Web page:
"It would be quixotic to try to establish from scratch what Pilkington already owns," Chairman Yozo Izuhara told The Asahi Shimbun.
Pilkington, the world's third-largest flat glass maker, operates 37 plants in 24 countries around the world. Izuhara said it costs about 10 billion yen to build a new factory.
Nippon Sheet Glass, Japan's second-largest flat glass maker, announced last week that it will purchase Pilkington to expand its overseas operations.
Overseas markets account for only 15 percent of the company's sales, far lower than the 44 percent of global industry leader Asahi Glass Co.
Some analysts say Nippon Sheet Glass may be overreaching to acquire Pilkington, whose revenue is double its own 265 billion yen.
Izuhara said, however, that the massive investments would not adversely affect the company's financial standing.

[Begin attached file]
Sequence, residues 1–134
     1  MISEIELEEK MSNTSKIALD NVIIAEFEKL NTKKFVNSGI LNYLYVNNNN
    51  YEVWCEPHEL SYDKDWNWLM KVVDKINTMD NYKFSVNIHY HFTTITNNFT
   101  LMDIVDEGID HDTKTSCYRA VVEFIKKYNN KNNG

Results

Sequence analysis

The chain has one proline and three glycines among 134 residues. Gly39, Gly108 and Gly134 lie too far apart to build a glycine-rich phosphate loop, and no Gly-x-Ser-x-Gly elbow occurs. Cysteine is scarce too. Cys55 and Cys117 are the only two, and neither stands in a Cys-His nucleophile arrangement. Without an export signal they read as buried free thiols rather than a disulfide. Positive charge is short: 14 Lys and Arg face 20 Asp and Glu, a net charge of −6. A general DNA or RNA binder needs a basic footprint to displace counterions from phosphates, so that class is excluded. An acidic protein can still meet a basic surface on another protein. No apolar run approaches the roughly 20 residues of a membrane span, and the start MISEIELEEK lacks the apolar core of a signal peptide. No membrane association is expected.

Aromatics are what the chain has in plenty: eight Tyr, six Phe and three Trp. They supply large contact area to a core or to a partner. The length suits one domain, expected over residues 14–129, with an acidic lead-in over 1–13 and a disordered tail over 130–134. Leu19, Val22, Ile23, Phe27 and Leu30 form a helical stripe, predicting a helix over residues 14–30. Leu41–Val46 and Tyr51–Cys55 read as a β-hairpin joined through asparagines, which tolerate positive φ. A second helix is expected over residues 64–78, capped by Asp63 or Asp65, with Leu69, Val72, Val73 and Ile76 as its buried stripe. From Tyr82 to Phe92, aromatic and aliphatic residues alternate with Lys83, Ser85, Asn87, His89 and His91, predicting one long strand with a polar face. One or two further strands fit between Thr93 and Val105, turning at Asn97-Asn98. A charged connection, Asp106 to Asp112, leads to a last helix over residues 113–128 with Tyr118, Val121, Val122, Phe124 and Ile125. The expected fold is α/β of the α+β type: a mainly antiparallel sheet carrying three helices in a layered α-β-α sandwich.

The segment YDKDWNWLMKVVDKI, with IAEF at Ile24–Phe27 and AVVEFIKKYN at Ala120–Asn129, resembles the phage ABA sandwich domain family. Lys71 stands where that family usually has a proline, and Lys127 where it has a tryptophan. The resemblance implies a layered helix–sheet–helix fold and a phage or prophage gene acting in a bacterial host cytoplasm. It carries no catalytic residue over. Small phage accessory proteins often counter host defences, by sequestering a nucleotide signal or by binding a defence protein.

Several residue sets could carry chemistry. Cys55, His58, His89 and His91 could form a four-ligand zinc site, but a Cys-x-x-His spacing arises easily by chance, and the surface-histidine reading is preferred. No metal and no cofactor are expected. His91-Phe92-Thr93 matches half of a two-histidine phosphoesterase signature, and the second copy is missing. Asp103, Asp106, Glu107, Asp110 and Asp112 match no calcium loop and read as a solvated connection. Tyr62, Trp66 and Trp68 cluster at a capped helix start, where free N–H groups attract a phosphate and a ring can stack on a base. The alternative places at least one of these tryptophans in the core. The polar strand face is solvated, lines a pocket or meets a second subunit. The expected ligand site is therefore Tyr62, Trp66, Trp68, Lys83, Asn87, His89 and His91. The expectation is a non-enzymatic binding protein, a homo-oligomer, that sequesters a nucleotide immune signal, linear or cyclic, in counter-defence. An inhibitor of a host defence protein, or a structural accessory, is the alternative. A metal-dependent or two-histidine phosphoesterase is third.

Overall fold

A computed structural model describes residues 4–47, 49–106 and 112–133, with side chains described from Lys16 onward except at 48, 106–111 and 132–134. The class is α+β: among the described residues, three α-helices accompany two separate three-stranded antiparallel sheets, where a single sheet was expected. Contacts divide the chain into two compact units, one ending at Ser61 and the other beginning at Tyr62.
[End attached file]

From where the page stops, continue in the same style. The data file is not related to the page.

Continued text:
"The additional net borrowing from financial institutions will be 140 billion yen," he said. "Pilkington has a profit margin of 10 percent, and we can repay the debt within several years."
The top priority of the company's global expansion will be the United States, where there are many competitors.
"We want to shield ourselves from fluctuations in demand, by enhancing core products, such as items for automobiles and construction," Izuhara said.
Once it becomes more competitive in key sectors, the company plans to raise its share in electronics and other applications, such as sheets for flat-panel displays, he said.
The acquisition would enable Nippon Sheet Glass to increase its research and development spending, which Izuhara said is the decisive factor in competition, both in price and quality.
Izuhara said he expects annual cost savings of 4.4 billion yen by adopting its manufacturing technologies at Pilkington facilities.
"We have to strike a balance between trust and monitoring because two companies with different cultural backgrounds are being united," he said.